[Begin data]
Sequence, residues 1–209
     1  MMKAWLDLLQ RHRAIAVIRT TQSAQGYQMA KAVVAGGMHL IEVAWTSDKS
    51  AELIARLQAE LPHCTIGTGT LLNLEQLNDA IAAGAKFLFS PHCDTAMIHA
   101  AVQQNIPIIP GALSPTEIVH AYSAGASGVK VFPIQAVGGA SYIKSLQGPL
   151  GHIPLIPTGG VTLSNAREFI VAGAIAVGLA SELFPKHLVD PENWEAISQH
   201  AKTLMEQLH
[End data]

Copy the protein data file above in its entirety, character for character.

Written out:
Sequence, residues 1–209
     1  MMKAWLDLLQ RHRAIAVIRT TQSAQGYQMA KAVVAGGMHL IEVAWTSDKS
    51  AELIARLQAE LPHCTIGTGT LLNLEQLNDA IAAGAKFLFS PHCDTAMIHA
   101  AVQQNIPIIP GALSPTEIVH AYSAGASGVK VFPIQAVGGA SYIKSLQGPL
   151  GHIPLIPTGG VTLSNAREFI VAGAIAVGLA SELFPKHLVD PENWEAISQH
   201  AKTLMEQLH